Overlooked Albums #27: Stackridge - Friendliness
If I tell you, a wily and thorough consumer of 21st Century musical product, that an album released in 1972 is eclectic, what kind of impression will you get? Will you picture a record that moves effortlessly from Afrobeat to screamo to Americana to techno without missing a step? Frankly I can’t keep track of all the genres and/or marketing niches the industry spits out on a weekly basis, so what qualifies as eclectic nowadays is anybody’s guess. It used to refer to albums that were not restricted in genre or whose songs did not draw from a single source of inspiration. The White Album was eclectic, as it used country, rock, music-hall, etc. as touchstones and disregarded them as quickly as they were employed. Of course, all these genres were “popular”, either contemporaneously or historically, and hence the whole thing could still be called pop music, and also hence, the forms were in some sense palatable and easily digested. Hard to say that about many records today. Maybe you could call Beck an eclectic artist, but he usually keeps his genre experiments consistent over a single record. .
As far as Stackridge is concerned, the Beatles comparison is apt, not just because George Martin produced one of their records, but because they drew from similar sources. More importantly, they take a fairly open ended approach to composing, so there is a certain degree of eclecticism within each song. The more directions they can push material, the more variations on a theme they can squeeze in, the better. The band’s best record is probably Friendliness, which employs this approach to the greatest effect. It begins with Lummy Days, an instrumental track laid out like a sonata with an exposition, development, and a twist on the recapitulation. It’s why this band typically gets lumped in with other prog acts though the focus is never on instrumental prowess the way ELP or Yes was. This is less a collection of songs than a set of compositions, and if you choose to be turned off by the pretentiousness of this notion, then Stackridge is not your cup of tea. But for those who like to see a band stretching the boundaries of popular song using techniques developed by smart, dead, white guys, then look no further. On this record the band never loses sight of melody and its overriding importance in pop music. A song like There Is No Refuge is quite lyrical and might remind some of the more delicate moments from Of Montreal. My guess is Kevin Barnes absorbed his share of Stackridge records before he started cranking out albums like Coquelicot Asleep in the Poppies. The best named song on the album, and perhaps the best song period, is Syracuse (the letter “y” idiosyncratically pronounced with a long “i”) the Elephant. This takes a beautifully symmetrical melody and morphs it first into a minor key lament, then into a circus-like ditty and finally into an Indian-tinged section, sitars and all, before restating the main theme.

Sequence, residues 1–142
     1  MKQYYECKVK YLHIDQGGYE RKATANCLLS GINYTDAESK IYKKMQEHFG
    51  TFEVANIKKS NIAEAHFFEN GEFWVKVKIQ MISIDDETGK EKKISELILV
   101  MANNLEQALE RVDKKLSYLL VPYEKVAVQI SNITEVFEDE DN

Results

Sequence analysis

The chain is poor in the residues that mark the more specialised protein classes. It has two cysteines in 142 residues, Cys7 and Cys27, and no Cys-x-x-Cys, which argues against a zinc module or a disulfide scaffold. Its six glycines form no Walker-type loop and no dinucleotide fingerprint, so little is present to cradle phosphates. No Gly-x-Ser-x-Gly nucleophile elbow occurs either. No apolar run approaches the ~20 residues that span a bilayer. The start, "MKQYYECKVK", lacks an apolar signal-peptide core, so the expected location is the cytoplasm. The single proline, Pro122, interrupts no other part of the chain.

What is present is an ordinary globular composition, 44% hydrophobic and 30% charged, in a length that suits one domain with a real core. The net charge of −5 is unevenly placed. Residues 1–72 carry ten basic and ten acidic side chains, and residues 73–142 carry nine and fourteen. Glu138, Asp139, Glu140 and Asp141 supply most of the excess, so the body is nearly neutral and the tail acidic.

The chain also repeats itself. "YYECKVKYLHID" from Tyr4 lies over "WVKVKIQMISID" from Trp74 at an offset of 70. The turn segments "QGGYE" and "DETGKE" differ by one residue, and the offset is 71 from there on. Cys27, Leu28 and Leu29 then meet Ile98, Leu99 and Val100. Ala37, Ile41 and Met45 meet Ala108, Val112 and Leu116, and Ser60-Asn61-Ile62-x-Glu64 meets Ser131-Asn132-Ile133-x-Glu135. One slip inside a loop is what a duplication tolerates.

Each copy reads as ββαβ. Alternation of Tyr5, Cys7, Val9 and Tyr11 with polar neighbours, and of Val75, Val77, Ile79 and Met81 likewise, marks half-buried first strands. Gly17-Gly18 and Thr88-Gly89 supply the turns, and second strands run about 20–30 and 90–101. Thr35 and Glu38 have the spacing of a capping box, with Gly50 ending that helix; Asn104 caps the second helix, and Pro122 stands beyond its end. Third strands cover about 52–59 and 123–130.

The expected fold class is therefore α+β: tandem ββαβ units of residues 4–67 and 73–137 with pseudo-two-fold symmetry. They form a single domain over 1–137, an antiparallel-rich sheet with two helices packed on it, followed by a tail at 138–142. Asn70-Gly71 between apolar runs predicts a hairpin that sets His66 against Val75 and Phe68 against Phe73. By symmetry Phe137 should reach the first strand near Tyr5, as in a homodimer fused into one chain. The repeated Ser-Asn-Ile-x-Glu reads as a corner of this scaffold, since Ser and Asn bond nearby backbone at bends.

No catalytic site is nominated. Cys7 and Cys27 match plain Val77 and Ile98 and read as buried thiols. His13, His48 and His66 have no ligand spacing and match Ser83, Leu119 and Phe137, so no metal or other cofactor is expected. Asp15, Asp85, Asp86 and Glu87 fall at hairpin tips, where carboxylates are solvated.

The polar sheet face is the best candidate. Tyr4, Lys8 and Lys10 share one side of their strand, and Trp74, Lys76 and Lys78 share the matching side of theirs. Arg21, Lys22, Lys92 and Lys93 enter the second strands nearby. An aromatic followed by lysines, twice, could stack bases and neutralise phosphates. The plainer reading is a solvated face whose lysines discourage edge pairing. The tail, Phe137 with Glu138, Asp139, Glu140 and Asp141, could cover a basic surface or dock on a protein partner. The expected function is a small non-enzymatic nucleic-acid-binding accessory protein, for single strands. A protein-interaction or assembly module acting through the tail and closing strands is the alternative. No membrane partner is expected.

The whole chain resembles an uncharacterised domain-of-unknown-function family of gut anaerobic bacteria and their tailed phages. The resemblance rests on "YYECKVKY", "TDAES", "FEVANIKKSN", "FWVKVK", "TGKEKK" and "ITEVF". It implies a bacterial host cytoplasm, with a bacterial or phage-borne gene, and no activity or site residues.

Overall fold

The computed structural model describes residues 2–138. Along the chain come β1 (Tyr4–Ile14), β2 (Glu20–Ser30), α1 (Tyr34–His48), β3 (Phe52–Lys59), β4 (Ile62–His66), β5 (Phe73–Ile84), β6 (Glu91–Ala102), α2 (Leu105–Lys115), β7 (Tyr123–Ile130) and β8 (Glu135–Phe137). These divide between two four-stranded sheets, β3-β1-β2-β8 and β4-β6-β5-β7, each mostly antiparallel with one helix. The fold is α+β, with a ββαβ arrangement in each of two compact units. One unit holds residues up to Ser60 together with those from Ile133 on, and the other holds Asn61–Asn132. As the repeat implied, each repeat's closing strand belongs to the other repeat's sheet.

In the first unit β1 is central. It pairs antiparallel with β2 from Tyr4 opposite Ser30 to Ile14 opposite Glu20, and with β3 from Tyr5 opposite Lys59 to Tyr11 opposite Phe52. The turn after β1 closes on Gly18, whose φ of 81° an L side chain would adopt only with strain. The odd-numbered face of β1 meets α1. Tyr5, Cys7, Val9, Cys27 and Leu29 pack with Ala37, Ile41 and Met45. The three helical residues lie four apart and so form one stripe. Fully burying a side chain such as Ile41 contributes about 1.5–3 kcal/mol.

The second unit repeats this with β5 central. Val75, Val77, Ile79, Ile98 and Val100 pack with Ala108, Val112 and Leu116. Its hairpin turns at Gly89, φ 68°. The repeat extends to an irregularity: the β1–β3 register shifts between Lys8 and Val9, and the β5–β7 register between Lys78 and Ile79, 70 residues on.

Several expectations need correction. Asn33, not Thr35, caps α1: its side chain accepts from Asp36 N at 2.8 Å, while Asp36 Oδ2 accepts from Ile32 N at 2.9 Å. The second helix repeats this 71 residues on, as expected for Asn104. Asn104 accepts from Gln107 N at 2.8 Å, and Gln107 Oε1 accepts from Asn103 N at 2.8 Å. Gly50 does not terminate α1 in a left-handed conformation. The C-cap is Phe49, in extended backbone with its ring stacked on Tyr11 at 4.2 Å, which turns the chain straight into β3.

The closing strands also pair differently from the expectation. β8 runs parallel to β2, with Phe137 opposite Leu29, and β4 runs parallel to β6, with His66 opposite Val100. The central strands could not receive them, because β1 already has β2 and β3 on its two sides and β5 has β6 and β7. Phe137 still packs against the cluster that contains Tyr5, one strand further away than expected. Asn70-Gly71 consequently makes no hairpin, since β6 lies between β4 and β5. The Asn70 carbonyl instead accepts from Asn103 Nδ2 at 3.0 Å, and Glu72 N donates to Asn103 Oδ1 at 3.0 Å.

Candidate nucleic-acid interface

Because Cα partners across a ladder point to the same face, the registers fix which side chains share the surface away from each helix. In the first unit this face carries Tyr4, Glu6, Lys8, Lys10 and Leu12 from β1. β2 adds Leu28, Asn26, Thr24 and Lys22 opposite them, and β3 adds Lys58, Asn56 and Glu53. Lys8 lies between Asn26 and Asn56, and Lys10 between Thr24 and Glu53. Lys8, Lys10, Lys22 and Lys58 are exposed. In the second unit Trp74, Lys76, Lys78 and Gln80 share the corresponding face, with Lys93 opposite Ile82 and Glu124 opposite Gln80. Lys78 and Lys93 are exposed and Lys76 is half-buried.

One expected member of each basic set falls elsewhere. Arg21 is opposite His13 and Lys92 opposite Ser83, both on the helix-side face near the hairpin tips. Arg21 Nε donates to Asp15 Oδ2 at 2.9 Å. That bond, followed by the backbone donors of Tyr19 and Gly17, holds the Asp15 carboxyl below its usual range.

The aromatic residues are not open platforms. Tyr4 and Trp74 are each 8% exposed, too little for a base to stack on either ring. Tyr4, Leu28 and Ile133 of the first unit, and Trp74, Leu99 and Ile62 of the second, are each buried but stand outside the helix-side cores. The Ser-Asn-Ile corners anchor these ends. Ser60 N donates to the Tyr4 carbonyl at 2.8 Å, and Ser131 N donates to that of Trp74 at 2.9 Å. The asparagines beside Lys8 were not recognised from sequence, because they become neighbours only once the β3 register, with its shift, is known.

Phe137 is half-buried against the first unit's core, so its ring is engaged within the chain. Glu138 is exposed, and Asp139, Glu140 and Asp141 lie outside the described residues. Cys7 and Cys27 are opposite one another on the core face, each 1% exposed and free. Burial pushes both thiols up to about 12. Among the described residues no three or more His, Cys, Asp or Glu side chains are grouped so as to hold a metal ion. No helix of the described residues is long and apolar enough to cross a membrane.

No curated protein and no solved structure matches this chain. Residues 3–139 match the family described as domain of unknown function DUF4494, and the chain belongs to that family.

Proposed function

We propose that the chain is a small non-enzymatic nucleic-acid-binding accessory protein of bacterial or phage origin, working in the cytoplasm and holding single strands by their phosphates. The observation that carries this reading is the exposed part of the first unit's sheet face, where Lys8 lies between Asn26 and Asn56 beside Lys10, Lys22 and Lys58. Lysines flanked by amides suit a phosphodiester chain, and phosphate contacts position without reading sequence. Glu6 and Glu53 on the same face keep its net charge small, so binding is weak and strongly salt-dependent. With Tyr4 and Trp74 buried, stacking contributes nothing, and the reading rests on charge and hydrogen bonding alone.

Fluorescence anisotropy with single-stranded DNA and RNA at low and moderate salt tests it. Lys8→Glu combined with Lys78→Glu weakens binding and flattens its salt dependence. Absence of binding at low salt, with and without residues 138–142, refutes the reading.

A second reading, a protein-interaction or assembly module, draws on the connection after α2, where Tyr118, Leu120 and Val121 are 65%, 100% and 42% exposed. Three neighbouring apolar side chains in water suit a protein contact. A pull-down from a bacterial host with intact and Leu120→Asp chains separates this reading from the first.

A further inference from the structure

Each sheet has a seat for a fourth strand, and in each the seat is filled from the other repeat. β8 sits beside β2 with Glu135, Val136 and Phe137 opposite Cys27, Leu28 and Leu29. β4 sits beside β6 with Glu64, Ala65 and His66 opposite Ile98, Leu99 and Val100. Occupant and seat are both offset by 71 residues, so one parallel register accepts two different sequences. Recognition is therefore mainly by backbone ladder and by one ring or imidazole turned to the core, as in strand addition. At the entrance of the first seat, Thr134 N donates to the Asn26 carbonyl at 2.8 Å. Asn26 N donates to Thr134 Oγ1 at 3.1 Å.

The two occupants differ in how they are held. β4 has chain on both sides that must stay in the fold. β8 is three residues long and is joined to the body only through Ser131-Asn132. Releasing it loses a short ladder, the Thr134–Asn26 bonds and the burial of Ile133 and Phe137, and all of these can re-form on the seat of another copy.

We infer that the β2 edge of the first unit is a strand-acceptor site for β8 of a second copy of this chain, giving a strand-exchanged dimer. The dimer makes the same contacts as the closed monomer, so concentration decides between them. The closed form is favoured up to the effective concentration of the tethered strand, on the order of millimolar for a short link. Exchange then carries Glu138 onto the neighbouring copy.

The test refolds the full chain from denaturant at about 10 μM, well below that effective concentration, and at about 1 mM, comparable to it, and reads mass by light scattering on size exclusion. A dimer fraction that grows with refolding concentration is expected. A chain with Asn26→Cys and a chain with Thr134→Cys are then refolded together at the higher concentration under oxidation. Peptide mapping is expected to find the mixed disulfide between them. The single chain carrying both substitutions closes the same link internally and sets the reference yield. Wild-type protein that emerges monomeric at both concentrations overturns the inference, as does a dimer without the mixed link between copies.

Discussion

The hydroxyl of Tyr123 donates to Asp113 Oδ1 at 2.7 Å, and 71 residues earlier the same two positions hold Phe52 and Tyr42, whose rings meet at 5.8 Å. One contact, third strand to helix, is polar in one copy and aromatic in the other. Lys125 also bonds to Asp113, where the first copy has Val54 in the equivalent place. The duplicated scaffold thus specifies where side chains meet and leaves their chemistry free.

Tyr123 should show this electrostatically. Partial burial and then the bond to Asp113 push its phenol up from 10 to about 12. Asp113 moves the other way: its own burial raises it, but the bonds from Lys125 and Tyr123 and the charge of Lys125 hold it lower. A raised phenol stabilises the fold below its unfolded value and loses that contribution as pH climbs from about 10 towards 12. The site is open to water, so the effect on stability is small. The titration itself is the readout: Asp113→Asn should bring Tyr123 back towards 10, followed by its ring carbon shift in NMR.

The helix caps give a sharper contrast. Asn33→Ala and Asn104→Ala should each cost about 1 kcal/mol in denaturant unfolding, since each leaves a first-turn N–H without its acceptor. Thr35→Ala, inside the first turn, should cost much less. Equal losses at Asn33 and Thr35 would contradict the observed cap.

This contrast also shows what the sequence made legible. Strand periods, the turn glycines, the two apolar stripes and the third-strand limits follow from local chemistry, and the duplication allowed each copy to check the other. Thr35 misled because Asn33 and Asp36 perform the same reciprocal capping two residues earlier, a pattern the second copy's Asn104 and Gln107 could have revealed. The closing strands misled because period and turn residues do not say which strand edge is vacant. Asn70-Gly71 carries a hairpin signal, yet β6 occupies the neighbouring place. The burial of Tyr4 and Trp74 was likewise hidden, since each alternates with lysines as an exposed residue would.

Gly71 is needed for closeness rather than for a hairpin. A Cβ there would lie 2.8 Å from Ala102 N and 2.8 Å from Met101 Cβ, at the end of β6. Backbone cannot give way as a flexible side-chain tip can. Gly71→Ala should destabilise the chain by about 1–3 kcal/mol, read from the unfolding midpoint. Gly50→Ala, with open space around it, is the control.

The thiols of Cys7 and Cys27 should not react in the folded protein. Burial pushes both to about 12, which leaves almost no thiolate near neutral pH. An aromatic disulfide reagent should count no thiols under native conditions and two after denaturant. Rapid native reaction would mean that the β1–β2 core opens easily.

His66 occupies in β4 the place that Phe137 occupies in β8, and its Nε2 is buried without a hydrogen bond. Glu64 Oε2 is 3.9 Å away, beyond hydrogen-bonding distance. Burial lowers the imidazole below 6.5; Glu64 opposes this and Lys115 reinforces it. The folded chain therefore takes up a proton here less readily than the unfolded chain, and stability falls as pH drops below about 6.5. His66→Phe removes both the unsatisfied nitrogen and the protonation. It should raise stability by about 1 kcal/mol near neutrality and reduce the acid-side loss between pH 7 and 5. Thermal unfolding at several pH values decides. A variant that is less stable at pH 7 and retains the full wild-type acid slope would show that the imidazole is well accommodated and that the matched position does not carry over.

It’s a very strong set of songs whose main strengths are tunefulness and unpredictability. Even after many listens it’s hard to guess where the music is going next, but each bend in the road is meant to welcome you, not turn you away. The only serious misstep is the token Glitter rock piece, Keep on Clucking, which reads like the shameless grab for the charts it is. But apart from that outlier, Friendliness is a font of many pleasures. I think it could easily appeal to those normally turned off by the prog moniker sometimes attached to it. It may not be surprising that Stackridge never achieved mainstream success since such restless eclecticism usually proves too challenging for the casual listener. But for people who can devote more than two minutes and thirty seconds of their attention spans to enjoying music, this album will reward the time spent with it.1 October, 2012 - 18:21 — Alan Shulman